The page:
Qualified applicants interested in being considered for a pending vacancy on the Indiana Court of Appeals may apply online through April 27.
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Fort Wayne attorney elected to Judicial Nominating Commission

November 20, 2014
IL Staff
John O. Feighner, of Fort Wayne, has been elected to serve as the Indiana Judicial Nominating Commission district three representative. He will replace John Ulmer, whose term expires at the end of the year.
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Loretta Rush wins praise, makes history as new chief justice

August 13, 2014
Dave Stafford
Loretta Rush had dinner with friends awhile back in her hometown of Lafayette, but the upcoming chief justice selection didn’t come up. Robert Reiling recalls a nice time talking about family.  “I’m sure in Indianapolis she’s Chief Justice Rush,” Reiling said. “In Lafayette, she’s Loretta to everyone.”
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Rush named next chief justice, first female to lead the court

August 6, 2014
Dave Stafford
Loretta Rush was selected the next chief justice of the Indiana Supreme Court Wednesday by the seven-member Judicial Nominating Commission, which deliberated about an hour before naming her the first female chief justice in the state’s history.

“I appreciate the vote of confidence the JNC has given me,” Rush said after her unanimous selection. On being the first woman chief, she said, “I look forward to the day it’s unremarkable.”

Rush will succeed outgoing Chief Justice Brent Dickson, who announced earlier this year he will step down from the leadership position by Sept. 1, but will remain on the court. Dickson, who as chief justice also chairs the JNC, must retire from the court when he turns 75 in July 2016.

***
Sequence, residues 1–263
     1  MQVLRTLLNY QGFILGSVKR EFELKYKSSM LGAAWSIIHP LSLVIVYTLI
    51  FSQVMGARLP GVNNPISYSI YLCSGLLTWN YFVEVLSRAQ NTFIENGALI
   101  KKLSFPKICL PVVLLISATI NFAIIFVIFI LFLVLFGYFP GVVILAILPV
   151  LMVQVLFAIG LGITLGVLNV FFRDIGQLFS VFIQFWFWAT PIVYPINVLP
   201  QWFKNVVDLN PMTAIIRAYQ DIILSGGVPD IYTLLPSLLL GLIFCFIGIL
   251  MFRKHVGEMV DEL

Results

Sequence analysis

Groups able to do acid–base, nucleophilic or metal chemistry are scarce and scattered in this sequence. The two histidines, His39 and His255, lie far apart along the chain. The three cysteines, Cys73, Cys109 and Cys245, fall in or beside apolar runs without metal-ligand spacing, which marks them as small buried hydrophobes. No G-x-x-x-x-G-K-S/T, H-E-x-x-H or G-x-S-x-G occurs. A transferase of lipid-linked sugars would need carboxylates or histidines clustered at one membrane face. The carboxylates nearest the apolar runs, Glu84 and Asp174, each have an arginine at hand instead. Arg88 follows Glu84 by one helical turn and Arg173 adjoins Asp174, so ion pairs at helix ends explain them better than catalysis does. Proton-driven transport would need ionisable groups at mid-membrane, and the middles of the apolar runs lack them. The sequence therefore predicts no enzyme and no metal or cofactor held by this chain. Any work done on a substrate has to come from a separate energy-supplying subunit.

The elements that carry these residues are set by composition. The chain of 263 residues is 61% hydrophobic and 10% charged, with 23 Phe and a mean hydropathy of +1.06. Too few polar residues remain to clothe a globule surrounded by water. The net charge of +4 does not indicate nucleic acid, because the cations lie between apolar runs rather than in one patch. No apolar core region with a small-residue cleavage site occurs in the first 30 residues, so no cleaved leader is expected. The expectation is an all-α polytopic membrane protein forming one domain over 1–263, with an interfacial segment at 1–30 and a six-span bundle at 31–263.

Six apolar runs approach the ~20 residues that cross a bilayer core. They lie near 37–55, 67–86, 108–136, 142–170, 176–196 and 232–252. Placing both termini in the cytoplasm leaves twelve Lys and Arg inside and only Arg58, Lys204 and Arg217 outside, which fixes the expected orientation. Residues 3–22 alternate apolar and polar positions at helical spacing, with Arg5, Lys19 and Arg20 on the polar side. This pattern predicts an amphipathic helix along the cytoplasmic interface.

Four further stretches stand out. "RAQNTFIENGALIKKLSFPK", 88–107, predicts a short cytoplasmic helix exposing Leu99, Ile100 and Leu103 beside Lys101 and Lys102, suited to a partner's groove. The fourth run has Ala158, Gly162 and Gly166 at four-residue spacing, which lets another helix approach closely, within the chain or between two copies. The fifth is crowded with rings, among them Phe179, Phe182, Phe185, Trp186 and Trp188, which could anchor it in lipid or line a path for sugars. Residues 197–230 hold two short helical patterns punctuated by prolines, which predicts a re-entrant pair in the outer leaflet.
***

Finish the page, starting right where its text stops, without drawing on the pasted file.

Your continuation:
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Commission to select next Indiana Supreme Court leader

August 6, 2014
 Associated Press, IL Staff
The Indiana Supreme Court is about to get its second new leader since 2012.
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New chief justice to be selected Aug. 6

July 11, 2014
Dave Stafford
The next chief justice of the Indiana Supreme Court will be chosen by the Judicial Nominating Commission Aug. 6, the court announced Friday.
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Dickson says consensus among justices on next chief unlikely

July 10, 2014
Dave Stafford
Before Brent Dickson was selected chief justice of the Indiana Supreme Court more than two years ago, his fellow justices came one by one before the Judicial Nominating Commission and said he was the man for the job.
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Change at the top means new leadership at Supreme Court

June 18, 2014
Dave Stafford